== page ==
/* Written 5:18 am Sep 7, 1993 by firstname.lastname@example.org in igc:en.energy */
UCS REVIEWS PROGRESS
OF SMALL TURBINES
The Union of Concerned Scientists (UCS), a leading
environmental organization, recently published a major study,
Powering the Midwest: Renewable Electricity for the Economy and the
Environment, which concluded that wind energy is among renewable
energy technologies holding great promise for the region. This is
one of a series of articles reprinting excerpts from the report, by
permission of UCS.
DISTRIBUTED GENERATION: SMALL WIND TURBINES
Current Technology and Markets
Many of the same developments that have made intermediate-size
wind turbines a viable option for central generation have affected
the small wind turbine industry as well. Materials and designs
have improved, and manufacturers and operators have gained valuable
experience with the machines under a variety of conditions.
The improvements have grown out of lessons learned through
thousands of operating hours on older machines and improvements in
aerodynamics, mechanics, and electronics. Improvements in
structural and dynamic braking systems have made the machines more
rugged under extreme weather conditions, and improved blade and
generator subsystems have increased reliability and efficiency.
Advances in control-system logic and electronics have improved
energy production and refined start-up and shut-down performance.
Thanks to these improvements--and despite the near-death of
the small-wind industry in the mid-1980s with the decline of fossil
fuel prices and the elimination of renewable energy tax credits--
the machines have found a small but growing niche in global energy
markets serving electricity needs at isolated villages and farms.
Wind turbine suppliers offer machines generating direct
current (DC) power rated at a few hundred watts for communications
facilities in remote areas and larger DC machines rated at a few
kilowatts, which serve the needs of farms, residences, remote
villages, and rural health centers.
In windy locations isolated from central utility service, a
wind turbine/battery combination is often the most economical
choice among options that include gas or diesel fuel powered
generators. Some vendors offer specialized machines for
integration with electric water-pumping systems. Wind turbines
generating grid-compatible alternating current (AC) power and rates
from a few kilowatts to 50 kW or 60 kW supplement the energy
supplied by electric utilities to rural customers.
Small wind turbines could be used on a much wider scale,
however, if utilities recognized their value for reducing
transmission and distribution loads in rural areas. The
determining factors in such an evaluation are the quality of local
wind resources, the cost and performance of the wind turbines, and
the match of their output with local utility loads . . .
Like intermediate-sized wind turbines, the small machines will
perform better in stronger winds, but with some important
qualifications. For one thing, they are usually mounted on shorter
towers, 20 meters to 30 meters in height, as opposed to the 30
meters to 45 meters expected of larger machines. Since wind speed
increases and wind turbulence decreases with height above the
ground, small wind turbines are likely to capture less energy per
unit of rotor area at a given site than a larger machine. Shorter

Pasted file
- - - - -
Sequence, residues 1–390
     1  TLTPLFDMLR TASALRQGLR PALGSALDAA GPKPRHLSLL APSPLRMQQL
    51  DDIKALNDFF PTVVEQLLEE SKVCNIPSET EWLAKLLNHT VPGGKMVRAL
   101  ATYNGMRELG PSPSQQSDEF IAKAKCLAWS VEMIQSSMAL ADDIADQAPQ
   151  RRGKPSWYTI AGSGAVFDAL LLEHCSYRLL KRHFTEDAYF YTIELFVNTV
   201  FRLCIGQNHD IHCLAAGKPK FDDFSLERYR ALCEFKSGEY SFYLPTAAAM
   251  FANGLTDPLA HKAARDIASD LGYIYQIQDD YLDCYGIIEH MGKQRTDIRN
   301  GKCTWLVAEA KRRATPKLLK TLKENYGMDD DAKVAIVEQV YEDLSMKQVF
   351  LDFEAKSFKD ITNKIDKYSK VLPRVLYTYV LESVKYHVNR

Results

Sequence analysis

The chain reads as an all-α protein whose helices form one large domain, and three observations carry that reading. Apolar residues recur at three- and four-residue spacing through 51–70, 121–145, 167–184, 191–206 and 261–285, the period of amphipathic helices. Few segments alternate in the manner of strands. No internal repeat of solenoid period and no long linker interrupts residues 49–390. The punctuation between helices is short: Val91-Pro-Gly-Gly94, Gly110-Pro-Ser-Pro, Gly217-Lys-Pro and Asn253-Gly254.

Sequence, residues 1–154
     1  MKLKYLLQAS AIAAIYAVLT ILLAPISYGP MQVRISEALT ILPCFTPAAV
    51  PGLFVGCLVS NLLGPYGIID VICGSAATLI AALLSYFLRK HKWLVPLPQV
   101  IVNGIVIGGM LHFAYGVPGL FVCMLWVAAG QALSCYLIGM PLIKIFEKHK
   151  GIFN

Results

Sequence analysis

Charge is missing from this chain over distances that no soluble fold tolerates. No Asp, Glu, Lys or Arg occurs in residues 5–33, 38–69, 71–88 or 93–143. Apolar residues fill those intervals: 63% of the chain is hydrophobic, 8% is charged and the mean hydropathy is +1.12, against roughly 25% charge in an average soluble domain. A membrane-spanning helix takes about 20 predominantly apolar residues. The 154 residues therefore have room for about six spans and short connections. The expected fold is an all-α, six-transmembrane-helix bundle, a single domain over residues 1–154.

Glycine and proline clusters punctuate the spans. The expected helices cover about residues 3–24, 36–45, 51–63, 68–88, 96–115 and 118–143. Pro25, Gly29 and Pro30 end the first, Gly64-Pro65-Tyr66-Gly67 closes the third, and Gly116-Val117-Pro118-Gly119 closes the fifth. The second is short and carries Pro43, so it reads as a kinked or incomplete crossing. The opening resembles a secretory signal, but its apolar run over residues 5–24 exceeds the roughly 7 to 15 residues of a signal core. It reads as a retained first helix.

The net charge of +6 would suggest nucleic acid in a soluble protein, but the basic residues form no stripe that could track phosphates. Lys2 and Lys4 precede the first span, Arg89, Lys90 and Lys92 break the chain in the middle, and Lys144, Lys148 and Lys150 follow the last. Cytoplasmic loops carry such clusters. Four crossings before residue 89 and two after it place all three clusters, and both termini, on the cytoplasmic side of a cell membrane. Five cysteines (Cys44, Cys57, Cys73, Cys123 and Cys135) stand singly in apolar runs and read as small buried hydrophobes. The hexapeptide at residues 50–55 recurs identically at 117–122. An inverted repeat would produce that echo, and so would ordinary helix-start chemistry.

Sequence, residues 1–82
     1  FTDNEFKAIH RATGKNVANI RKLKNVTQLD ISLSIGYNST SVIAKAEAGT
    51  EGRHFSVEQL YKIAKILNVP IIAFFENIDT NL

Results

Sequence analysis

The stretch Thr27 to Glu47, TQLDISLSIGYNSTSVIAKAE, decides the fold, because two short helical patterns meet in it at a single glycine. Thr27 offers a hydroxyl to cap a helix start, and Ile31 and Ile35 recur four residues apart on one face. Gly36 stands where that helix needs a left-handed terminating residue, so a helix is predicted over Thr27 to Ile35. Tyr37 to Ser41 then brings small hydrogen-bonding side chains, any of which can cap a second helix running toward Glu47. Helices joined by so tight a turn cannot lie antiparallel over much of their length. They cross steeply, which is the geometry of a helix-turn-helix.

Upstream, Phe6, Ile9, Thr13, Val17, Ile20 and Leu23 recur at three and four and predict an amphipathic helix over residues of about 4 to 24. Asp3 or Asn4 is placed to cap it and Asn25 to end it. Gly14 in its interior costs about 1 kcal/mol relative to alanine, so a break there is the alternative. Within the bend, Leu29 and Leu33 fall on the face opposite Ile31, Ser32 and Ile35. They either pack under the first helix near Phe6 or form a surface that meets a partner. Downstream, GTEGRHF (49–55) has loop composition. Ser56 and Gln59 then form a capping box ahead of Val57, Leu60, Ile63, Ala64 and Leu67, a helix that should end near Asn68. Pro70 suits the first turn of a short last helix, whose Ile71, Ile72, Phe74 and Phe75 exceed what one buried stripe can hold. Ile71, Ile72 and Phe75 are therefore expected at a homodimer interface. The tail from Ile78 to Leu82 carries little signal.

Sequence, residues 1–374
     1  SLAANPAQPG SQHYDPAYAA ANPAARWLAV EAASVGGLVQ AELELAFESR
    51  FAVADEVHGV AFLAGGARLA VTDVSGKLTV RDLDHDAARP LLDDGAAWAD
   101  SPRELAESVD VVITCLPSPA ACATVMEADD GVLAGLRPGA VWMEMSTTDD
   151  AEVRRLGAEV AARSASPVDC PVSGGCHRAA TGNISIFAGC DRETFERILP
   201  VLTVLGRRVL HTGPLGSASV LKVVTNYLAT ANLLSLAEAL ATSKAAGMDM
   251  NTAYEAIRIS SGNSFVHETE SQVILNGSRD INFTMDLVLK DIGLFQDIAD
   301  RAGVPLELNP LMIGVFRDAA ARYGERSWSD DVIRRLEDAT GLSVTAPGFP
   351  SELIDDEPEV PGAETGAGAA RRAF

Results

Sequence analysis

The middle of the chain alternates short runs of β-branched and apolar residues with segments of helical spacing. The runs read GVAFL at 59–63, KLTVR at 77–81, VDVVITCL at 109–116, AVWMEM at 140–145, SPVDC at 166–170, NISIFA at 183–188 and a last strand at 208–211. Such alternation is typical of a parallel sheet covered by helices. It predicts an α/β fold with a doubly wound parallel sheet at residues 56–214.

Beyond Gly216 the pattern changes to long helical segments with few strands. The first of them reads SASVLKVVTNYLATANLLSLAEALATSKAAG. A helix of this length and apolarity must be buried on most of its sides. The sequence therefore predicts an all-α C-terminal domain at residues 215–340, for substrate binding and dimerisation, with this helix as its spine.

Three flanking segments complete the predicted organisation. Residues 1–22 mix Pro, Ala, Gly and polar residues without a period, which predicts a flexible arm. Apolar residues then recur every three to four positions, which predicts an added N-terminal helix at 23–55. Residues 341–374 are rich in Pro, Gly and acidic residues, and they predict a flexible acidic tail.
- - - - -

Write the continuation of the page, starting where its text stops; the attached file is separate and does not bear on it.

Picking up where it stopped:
towers also make small machines more susceptible to wind flow
obstructions on the ground.
Despite the progress of the last several years, there is
considerable room for technological improvements in small wind
turbines. In particular, they will benefit from improvements and
cost reductions in the power electronics used in system controls,
power conditioners, and inverters.
The systems will also become more sophisticated, offering, for
example, load management features under the control of the customer
or utility. Load management of this type would coordinate the
energy production from the wind system with off-peak battery
storage or controllable loads like electric water heaters or air
conditioners to reduce customer demands during utility peak
periods. Such capabilities will enhance the value of small wind
turbines in a distributed utility setting.
Substantial cost reductions for small wind turbines are
inevitable if the industry grows enough to support advanced
manufacturing techniques and large production runs. At present,
most small wind system manufacturers are relatively small
businesses assembling systems in small production runs. Sustained
increases in demand for such systems would allow manufacturers to
expand and further automate production, and purchase and assemble
subsystems and components in larger, more economical lots.
[Copies of Powering the Midwest are available for $15 members, $20
non-members from AWEA. For more information or to order by
VISA/Master Card, please call (202) 408-8988; FAX (202) 408-8536.]
The American Wind Energy Association (AWEA) has authorized me to offer
an electronic edition of its newsletter, _Wind Energy Weekly_, from
which the above article is excerpted, at no cost.
For those of you who have not previously seen excerpts from back issues
on Usenet or Bitnet, the _Weekly_ reports on the outlook for renewable
energy, energy-related environmental issues, and renewable energy
legislation in addition to wind industry trade news. The electronic
edition normally runs about 10kb in length.
If you would like a free electronic subscription, send me an e-mail
request. Please include information on your position, organization,
and reason for interest in the publication.
If the _Weekly_ is not quite for you, please pass this message on to
someone else you think might be interested. Thanks.
Tom Gray EcoNet/PeaceNet: tgray@igc
Internet/Bitnet: email@example.com UUCP: uunet!cdp!tgray